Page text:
If we analyse this enrolment in relation to our social structure we will find a different picture. Females are 48.5% of the population of India but their enrolment as student is only 44.6%. The GER of SCs is 12.2% which are having 19.9% share of population and STs is 4.5% having 8.6% share of population. Same trend is seen for OBC and Muslim minorities, OBC’s are 42.3% of population having 30.1% of enrolment and Muslims are 12.9% of population having 7.0% of enrolment as student. Not only in enrolment as students but as faculty and non teaching staff, these social differences are reflected. Females are only 39.0% of teaching and 26.8% of non teaching staff (48.5% of population). SC’s have 6.9% of teaching and 12.4% of non teaching staff. ST’s have 2% of teaching and 3.5 % of non teaching staff. Muslims are 3.1% of teaching and 3.2 % of non teaching staff (Annual Status of Higher Education of states and UT’s in India, 2014).
New Education Policy of BJP
Our MHRD minister is continuously campaigning for new education policy. But till now there has been no discussion on the form and structure of this new education policy. May be it is being planned in closed doors under the chairmanship of Dina Nath Batra. But primary indications are conveying that this so called New Education Policy will only be the extension of old agenda of privatisation adding a fresh flavour of saffronisation. After the withdrawal of Four Year Under graduation Programme in Delhi University with active involvement of UGC and MHRD, there were impression that long struggle of students and teachers of Delhi University will be successful. Next step this process was the removal of Vice Chancellor of Delhi University as enough proves were provided to UGC and MHRD about his financial and administrative corruption along with his undemocratic style of functioning. But quite amazingly VC has managed the ministry by pleasing RSS persons through various social functions, where these RSS functionary were invited as guests. Also it looks like VC has given commitment to implement the agenda of safronisation of education.
MHRD has taken a U turn on his position and has issued a notice to universities to strengthen semester system and to implement ‘Choice Based Credit System’. This CBCS is nothing but the blue print of the provisions of FYUP to be completed in three years. This reflects the commitment of this government to the same agenda and withdrawal of FYUP only a political stunt. The CBCS is only a cafeteria-approach based system which is designed facilitates “seamless student-mobility” between courses and universities. It is identical in its course structure to the FYUP (repeat pattern of Foundation, Core and Elective Courses), except the fourth year. It will lead to continuous fluctuation and flux in workload, particularly in light of the fact that there is no proposal to change the rigid workload norms for creating teaching posts. Basically this system is designed on the basis of American system which runs on students’ loan and on the shoulders of add-on professors (contractual). This is only to woo and facilitate the foreign institution in India.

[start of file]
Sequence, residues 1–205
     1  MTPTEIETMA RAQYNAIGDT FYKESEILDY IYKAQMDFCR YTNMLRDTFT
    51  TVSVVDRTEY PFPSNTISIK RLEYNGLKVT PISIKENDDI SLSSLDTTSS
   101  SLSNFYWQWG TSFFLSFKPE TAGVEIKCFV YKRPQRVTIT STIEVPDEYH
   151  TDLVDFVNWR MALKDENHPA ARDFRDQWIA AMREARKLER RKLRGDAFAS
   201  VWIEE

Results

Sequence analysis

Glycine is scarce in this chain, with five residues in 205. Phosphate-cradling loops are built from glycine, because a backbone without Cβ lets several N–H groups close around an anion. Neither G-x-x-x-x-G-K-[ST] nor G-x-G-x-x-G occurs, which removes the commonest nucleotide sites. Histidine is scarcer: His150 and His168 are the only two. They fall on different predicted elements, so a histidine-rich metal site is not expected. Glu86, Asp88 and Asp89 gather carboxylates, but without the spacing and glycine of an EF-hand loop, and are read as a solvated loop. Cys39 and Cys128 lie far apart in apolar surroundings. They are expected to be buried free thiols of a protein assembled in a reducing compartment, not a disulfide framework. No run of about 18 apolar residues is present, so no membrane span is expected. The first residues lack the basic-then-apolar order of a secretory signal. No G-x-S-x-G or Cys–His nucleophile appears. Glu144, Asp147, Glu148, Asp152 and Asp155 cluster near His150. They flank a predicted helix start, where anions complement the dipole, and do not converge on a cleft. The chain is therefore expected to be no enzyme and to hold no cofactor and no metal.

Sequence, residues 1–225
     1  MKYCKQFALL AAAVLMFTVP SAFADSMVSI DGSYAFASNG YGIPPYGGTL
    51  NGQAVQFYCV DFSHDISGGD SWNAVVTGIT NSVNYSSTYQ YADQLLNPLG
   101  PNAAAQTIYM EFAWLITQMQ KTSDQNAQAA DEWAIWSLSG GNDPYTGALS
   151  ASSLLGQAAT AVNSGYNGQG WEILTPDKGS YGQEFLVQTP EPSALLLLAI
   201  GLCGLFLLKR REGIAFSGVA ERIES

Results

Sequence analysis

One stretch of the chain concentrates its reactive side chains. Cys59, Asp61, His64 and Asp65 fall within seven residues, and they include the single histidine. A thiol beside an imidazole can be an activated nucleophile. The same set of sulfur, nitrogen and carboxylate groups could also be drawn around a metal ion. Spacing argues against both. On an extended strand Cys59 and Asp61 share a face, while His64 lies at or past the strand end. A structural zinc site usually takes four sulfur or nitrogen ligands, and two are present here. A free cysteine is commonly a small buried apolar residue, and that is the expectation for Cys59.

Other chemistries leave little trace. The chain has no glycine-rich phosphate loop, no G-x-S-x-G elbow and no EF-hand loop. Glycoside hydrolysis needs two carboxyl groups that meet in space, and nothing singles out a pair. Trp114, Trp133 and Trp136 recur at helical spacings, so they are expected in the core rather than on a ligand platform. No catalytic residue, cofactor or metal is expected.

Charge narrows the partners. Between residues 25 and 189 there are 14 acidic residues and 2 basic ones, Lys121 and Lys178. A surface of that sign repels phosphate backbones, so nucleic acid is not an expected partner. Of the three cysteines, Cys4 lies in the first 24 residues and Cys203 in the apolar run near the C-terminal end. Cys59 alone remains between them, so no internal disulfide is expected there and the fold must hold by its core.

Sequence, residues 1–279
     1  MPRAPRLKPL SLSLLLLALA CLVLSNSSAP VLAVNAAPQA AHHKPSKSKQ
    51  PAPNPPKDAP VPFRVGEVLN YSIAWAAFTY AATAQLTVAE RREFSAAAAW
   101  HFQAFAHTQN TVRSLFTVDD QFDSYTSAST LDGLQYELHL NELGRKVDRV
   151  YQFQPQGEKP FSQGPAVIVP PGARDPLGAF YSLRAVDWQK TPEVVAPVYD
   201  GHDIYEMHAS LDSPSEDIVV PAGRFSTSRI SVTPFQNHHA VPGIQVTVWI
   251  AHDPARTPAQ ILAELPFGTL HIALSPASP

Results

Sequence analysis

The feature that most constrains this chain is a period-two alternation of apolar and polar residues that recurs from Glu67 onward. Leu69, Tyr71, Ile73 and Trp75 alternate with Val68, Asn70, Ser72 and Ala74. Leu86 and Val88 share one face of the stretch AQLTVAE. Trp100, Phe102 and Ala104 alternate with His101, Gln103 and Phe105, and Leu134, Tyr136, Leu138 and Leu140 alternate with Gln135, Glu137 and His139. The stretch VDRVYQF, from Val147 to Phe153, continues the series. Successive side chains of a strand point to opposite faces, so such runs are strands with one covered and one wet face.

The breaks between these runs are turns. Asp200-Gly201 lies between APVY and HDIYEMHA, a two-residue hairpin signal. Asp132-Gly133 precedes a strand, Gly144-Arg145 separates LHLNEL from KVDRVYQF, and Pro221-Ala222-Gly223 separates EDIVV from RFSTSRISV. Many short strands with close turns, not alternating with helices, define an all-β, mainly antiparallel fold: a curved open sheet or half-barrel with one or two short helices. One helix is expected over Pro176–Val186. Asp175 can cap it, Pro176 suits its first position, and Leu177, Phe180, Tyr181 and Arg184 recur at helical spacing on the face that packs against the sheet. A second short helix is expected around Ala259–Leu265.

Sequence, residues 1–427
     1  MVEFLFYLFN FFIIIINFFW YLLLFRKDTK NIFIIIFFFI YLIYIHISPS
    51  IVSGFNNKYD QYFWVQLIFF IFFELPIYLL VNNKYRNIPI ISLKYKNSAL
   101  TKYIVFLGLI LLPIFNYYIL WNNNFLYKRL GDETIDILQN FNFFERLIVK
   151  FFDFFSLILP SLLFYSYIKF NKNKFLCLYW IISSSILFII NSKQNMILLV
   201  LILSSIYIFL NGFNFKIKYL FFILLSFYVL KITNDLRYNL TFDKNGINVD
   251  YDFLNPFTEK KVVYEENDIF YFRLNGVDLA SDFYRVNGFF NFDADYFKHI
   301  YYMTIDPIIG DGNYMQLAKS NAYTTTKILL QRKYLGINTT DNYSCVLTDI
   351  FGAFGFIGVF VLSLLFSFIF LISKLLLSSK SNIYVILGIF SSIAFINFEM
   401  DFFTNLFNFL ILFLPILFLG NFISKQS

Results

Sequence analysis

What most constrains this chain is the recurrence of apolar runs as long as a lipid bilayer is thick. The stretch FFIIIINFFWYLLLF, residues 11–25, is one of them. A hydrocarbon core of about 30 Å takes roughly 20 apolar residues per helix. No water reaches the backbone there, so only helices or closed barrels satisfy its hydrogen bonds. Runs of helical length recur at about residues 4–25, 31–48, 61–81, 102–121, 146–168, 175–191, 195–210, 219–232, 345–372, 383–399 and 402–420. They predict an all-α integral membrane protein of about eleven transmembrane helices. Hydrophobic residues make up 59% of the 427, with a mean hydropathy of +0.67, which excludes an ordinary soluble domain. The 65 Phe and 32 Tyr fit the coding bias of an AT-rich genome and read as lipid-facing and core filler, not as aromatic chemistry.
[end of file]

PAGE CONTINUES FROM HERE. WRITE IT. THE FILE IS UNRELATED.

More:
Any discussion education is not complete without the mush problematic campaign ‘RUSA’. There is much discussion on the provisions of RUSA. But the experience of its implementation has proved our concerns. In the states where it is fully implemented like Himachal Pradesh and Assam, there a colossal discontentment is there in student and teaching faculty. whole of the education process right from class room teaching to evaluation of examination is in pathetic condition. In Himachal Pradesh students have been awarded scores of 70% without even appearing in the exams. There are gross irregularities. Numbers of teaching hours have drastically reduced. There is very less time for co curricular activities like sports, culture, NCC and NSS. We have already witnesses a broad based and very strong opposition to this scheme. But BJP government is not ready to take any lessons and is on the same way of last central government. Implementation of CBCS is also a step in this direction.
Commercialisation of education
Indian education system is already over commercialised, which is having adverse impact on the reach of students from poor and middle class. An important step for commercialisation of education was taken by the last NDA government when in 2004, just before its electoral defeat, the BJP-led coalition compromised a constitutional right and offered education as a consumable commodity to the World Trade Organisation General Agreement on Trade and Tariff process, thereby drastically diluting the state’s responsibility in education and opening the door to privatisation.